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The Role of Ivacaftor in Severe Cystic Fibrosis in a Patient With the R117H MutationIvacaftor in Severe CF With R117H Mutation FREE TO VIEW

Nicola J. Ronan, MBBCh; Claire Fleming, BSc; Grace O’Callaghan, PhD; Michael M. Maher, MBBCh, MD; Desmond M. Murphy, MBBCh, PhD, FCCP; Barry J. Plant, MBBCh, MD
Author and Funding Information

From the Cork Adult Cystic Fibrosis Centre (Drs Ronan, O’Callaghan, Murphy, and Plant and Ms Fleming), and the Department of Radiology (Dr Maher), University College Cork, Cork University Hospital, Wilton; and the Health Research Board Clinical Research Facility (Drs Ronan, O’Callaghan, Murphy, and Plant), University College Cork, Cork, Ireland.

CORRESPONDENCE TO: Barry J. Plant, MBBCh, MD, Cork Adult Cystic Fibrosis Centre, University College Cork, Cork University Hospital, Wilton, Cork, Ireland; e-mail: b.plant@ucc.ie


Reproduction of this article is prohibited without written permission from the American College of Chest Physicians. See online for more details.


Chest. 2015;148(3):e72-e75. doi:10.1378/chest.14-3215
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Cystic fibrosis (CF) conductance transmembrane regulator functions as a chloride (Cl) channel in multiple organs, including the lungs. More than 1,800 disease-associated mutations have been identified, which can be divided into six classes. In patients with CF due to class III gating mutations, ivacaftor produces significant improvement in lung function, weight, reduction in sweat chloride level, and pulmonary exacerbations by enhancing the probability of chloride channel opening (gating). Although the benefit of ivacaftor in CF due to gating mutations is established, its potential role in patients with CF due to class IV conductance mutations is emerging. We report 6 months’ prospective stability of lung function, improved BMI, reduced pulmonary exacerbations, and reduction in sweat chloride level in a patient with severe CF and the class IV R117H mutation. High-resolution CT scan also improved, thus highlighting the potential usefulness of ivacaftor in patients with severe CF due to class IV mutations.

Figures in this Article

Cystic fibrosis (CF) is due to a mutation in the CF conductance transmembrane regulator (CFTR) gene, which codes for the CFTR protein. CFTR regulates chloride transport in multiple organs, including the lungs. To date, more than 1,800 mutations have been identified, which can be divided into six classes. Class III (gating) mutations result in a chloride channel that is correctly localized at the cell surface but fails to open and close correctly. Ivacaftor increases channel open probability (gating) of class III mutations and, in clinical trials, produced significant increases in FEV1 (> 10% absolute) and weight as well as reductions in sweat chloride level and pulmonary exacerbations in patients aged ≥ 6 years with one of nine gating mutations.1,2 It is licensed for treating patients with CF with nine gating mutations (G551D, G551S, G1349D, G1244E, G970R, G178R, S549N, S549R, S1251N, and S1255P) and in December 2014 was approved by the US Food and Drug Administration for patients with the R117H mutation.3 The R117H mutation is a class IV (conductance) mutation in which CFTR is correctly localized at the cell surface but conducts chloride abnormally. Preliminary trial data suggest ivacaftor produces a 5% absolute increase in FEV1 in patients aged ≥ 18 years who carry the R117H mutation.4,5 However, this study excluded patients with severe disease (FEV1 < 40% predicted). Although data demonstrate the usefulness of ivacaftor in patients with severe CF who have gating mutation,6-8 its use in severe CF with class IV mutations has thus far not been described.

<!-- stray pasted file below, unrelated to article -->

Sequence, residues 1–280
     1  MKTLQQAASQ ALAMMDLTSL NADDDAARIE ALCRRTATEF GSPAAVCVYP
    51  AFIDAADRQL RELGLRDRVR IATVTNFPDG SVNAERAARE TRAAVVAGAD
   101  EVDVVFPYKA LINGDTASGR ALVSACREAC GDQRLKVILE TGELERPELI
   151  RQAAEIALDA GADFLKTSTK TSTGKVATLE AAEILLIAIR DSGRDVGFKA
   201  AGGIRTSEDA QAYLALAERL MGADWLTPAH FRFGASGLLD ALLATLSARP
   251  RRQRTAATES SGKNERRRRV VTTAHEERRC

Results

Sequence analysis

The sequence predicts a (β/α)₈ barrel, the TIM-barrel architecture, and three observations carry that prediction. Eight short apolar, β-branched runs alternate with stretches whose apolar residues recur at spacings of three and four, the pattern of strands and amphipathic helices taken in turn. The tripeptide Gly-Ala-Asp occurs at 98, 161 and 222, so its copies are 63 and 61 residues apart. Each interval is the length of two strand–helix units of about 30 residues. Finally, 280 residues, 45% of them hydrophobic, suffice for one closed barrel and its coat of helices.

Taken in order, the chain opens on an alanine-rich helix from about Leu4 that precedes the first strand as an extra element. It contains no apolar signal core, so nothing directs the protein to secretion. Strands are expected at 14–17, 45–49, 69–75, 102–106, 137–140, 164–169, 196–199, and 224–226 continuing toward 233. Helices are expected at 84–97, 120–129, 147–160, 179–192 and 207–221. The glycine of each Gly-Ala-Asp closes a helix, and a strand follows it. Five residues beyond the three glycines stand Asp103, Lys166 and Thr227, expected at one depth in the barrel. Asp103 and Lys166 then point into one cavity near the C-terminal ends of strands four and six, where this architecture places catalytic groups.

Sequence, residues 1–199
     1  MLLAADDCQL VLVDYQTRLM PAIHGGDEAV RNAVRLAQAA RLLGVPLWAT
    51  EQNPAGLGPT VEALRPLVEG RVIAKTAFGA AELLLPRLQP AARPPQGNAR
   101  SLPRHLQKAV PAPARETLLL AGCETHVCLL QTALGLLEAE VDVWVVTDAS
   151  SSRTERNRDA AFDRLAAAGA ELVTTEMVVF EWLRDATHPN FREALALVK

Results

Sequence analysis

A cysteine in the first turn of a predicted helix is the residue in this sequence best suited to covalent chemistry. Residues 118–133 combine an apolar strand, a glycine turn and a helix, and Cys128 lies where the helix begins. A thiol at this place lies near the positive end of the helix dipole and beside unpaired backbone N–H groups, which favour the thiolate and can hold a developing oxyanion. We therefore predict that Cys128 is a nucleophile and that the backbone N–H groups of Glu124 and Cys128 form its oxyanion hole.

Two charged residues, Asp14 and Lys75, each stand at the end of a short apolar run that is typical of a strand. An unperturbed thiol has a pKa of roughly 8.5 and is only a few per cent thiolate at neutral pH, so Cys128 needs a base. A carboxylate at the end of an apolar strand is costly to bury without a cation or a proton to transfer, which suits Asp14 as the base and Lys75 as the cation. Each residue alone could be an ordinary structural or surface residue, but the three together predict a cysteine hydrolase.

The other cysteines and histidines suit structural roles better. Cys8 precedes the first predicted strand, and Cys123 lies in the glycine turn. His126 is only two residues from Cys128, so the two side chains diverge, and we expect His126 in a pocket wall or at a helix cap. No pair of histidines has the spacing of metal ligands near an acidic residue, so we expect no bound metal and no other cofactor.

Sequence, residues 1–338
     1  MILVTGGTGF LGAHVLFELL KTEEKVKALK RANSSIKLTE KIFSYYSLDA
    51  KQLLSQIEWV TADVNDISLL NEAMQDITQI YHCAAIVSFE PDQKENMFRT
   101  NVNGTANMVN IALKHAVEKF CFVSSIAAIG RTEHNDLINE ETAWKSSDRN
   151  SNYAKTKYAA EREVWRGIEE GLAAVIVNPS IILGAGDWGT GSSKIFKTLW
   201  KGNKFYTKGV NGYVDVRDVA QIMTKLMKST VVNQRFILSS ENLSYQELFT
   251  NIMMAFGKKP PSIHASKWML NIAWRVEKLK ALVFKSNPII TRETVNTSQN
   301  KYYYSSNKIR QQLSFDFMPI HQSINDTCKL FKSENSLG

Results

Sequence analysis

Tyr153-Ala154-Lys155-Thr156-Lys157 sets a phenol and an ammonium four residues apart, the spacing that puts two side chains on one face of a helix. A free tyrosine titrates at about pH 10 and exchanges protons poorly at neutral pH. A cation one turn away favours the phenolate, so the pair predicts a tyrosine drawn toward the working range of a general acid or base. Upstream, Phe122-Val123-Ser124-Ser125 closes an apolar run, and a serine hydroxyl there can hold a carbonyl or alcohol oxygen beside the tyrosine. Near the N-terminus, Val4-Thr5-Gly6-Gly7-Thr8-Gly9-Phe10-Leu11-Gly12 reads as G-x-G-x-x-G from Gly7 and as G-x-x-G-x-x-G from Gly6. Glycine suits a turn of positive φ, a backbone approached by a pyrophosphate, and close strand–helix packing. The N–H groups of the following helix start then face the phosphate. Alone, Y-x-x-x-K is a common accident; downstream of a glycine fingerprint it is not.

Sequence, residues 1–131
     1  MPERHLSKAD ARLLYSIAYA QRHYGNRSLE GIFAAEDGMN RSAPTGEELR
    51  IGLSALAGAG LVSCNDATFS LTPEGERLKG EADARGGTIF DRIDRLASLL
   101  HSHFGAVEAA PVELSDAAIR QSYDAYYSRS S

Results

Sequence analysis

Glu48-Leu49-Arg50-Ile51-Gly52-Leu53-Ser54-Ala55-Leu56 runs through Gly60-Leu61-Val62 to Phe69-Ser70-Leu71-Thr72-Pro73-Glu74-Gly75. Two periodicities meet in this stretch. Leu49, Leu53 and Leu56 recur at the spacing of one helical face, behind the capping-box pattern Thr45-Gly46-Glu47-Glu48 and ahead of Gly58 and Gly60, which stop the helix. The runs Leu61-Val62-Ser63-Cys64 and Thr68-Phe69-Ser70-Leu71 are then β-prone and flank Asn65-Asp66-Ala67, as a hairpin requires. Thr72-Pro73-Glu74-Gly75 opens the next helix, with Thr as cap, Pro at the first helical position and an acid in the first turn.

We report the case of a 56-year-old woman with severe CF (F508del/R117H), with a baseline FEV1 of 28% predicted and a high exacerbation rate. She was considered an unsuitable candidate for lung transplantation because of a combination of her microbiology—pan-resistant Stenotrophomonas maltophilia—and chest wall deformity due to extensive and disproportionate left lung bronchiectatic destruction.

In February 2014 she started ivacaftor on a named patient basis (compassionate use program). Baseline spirometry, weight, sweat test, and Cystic Fibrosis Questionnaire Revised (CFQ-R)9 were recorded before commencing ivacaftor. High-resolution CT (HRCT) scan of the thorax was performed using an ultra-low-dose protocol10 at baseline and after 3 and 6 months of treatment (mean effective radiation dose, 0.08 mSv). Blood samples were obtained at baseline and after 3 and 6 months of treatment and analyzed for circulating cytokines using a Mesoscale Discovery platform.11,12Table 1 summarizes treatment response.

Table Graphic Jump Location
TABLE 1 ]  Change in Clinical Parameters

CFQ-R = Cystic Fibrosis Questionnaire Revised; Sao2 = arterial oxygen saturation.

At 6 months, FEV1 remained stable, weight increased by 5.8 kg, and sweat chloride level fell by 28 mmol/L. In the 6 months after commencement of ivacaftor, she had one course of IV antibiotics (0 inpatient days) in contrast to four courses of IV antibiotics (19 inpatient days) in the corresponding 6-month period in the previous year. Subjectively, she discontinued her home oxygen for routine activities after 3 weeks of treatment.

Quality of life improved across all domains of her CFQ-R after 3 and 6 months of ivacaftor (Table 1). HRCT scan demonstrated a reduction in mucus plugging and in bronchial wall thickening in the functional right lung after 6 months of treatment (Fig 1). Figure 2 demonstrates the change in circulating cytokine profile at baseline and after 3 and 6 months of ivacaftor, with an increase in IL-6 and IL-8.